Pasta is so easy to serve that it seems a shame to dress it with the same old sauce every time.
For a weekday dinner try Ada Boni's spaghetti all'amatriciana with those tomatoes you've just started harvesting.
In her cookbook "Italian Regional Cooking, " Ada Boni writes that the most famous pasta dish of her native Rome is spaghetti all'amatriciana, "the origin of which is said to be Amatrice, a little village in the Sabine country, on the border between Lazio and the Abruzzo."
The sauce, she notes, is based on guanciale, cured pork jowl, "diced and mixed with tomatoes, peppers, onions and fat salt pork (purists omit tomatoes)."
Lean bacon is substituted in the English translation of the cookbook. Some cooking sources suggest using pancetta in the place of guanciale. The sauce makes just enough to coat the pasta; this Chicago Tribune adaptation cuts back a bit on the amount of spaghetti from Boni's recipe and doubled the tomatoes, in line with her version in "Talismano."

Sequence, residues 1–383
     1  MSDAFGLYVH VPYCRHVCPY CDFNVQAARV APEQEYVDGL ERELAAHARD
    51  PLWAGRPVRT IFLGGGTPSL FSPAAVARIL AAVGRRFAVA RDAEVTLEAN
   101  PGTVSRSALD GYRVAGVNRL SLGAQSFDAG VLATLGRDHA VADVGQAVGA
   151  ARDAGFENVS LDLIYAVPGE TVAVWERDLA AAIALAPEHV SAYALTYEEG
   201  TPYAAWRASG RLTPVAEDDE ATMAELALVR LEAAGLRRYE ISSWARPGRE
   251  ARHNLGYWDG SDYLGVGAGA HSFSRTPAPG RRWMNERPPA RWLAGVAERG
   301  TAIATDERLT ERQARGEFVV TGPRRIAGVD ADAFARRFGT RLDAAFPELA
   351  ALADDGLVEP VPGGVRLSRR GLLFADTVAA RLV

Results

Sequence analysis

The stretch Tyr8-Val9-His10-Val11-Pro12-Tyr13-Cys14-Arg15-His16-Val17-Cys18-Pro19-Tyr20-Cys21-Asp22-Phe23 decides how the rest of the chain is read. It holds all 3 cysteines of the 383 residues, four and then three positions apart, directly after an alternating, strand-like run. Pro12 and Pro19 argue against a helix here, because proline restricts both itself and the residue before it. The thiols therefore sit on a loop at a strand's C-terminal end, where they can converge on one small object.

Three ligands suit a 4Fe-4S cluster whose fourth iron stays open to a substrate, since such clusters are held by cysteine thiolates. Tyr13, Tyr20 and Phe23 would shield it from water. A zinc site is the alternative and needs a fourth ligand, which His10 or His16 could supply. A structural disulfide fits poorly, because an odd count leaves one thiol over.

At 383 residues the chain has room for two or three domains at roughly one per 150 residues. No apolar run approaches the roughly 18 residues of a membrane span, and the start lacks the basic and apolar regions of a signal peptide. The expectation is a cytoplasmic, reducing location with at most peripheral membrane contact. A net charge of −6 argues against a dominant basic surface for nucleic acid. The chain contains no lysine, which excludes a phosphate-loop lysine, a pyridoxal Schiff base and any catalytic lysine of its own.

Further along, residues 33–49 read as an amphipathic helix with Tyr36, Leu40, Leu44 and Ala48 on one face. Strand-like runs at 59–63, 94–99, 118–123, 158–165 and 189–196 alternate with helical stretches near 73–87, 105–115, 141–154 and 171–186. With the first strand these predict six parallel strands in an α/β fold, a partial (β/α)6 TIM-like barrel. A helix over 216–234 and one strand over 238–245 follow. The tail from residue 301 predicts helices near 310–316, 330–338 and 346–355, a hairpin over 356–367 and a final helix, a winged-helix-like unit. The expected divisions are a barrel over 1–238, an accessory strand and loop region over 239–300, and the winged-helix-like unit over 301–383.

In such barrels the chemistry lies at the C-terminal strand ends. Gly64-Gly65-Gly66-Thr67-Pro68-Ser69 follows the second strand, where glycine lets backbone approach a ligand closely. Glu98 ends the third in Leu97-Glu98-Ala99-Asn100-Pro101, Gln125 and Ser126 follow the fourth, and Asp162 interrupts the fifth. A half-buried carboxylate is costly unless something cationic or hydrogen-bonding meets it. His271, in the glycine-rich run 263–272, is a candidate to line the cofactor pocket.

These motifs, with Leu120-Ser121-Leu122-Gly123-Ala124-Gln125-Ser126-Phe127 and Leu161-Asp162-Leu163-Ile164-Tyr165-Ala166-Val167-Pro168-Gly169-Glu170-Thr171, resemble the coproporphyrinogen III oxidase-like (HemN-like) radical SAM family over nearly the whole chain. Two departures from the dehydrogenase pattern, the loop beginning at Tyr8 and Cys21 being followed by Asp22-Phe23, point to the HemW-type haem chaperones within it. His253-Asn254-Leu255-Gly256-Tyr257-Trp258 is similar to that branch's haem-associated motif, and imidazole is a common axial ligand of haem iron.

2½ tablespoons lard or oil
1 onion, thinly sliced
5 ounces lean bacon, thinly sliced
½ cup dry white wine, optional
2 pounds ripe or canned tomatoes
1 teaspoon salt
Freshly ground pepper
1 pound spaghetti
¾ cup grated pecorino, or mixed Parmesan and pecorino cheese
Heat the lard or oil and saute the onion over a very low heat until soft. Add the bacon and fry it slowly for a few minutes. Moisten with white wine and continue cooking until it evaporates a little. Peel, chop and seed the tomatoes, then add them to the pan. Season to taste with salt and pepper, and cook over a brisk heat for not more than 15 minutes.
Bring a large pan of salted water to a fast boil. Lower the spaghetti into the water, stir well and cook until just tender.
Drain and dress the spaghetti immediately with the hot sauce, and sprinkle with the grated cheese.
Per serving: 468 calories, 14 g fat (5 g sat. fat), 22 mg chol., 67 g carb., 19 g protein, 682 mg sodium, 5 g fiber.